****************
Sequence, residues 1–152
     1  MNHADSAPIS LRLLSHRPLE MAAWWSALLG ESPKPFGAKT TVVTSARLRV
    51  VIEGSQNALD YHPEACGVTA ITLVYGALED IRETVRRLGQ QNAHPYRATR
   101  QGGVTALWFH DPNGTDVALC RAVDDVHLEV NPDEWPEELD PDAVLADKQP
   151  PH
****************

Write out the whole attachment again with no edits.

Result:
Sequence, residues 1–152
     1  MNHADSAPIS LRLLSHRPLE MAAWWSALLG ESPKPFGAKT TVVTSARLRV
    51  VIEGSQNALD YHPEACGVTA ITLVYGALED IRETVRRLGQ QNAHPYRATR
   101  QGGVTALWFH DPNGTDVALC RAVDDVHLEV NPDEWPEELD PDAVLADKQP
   151  PH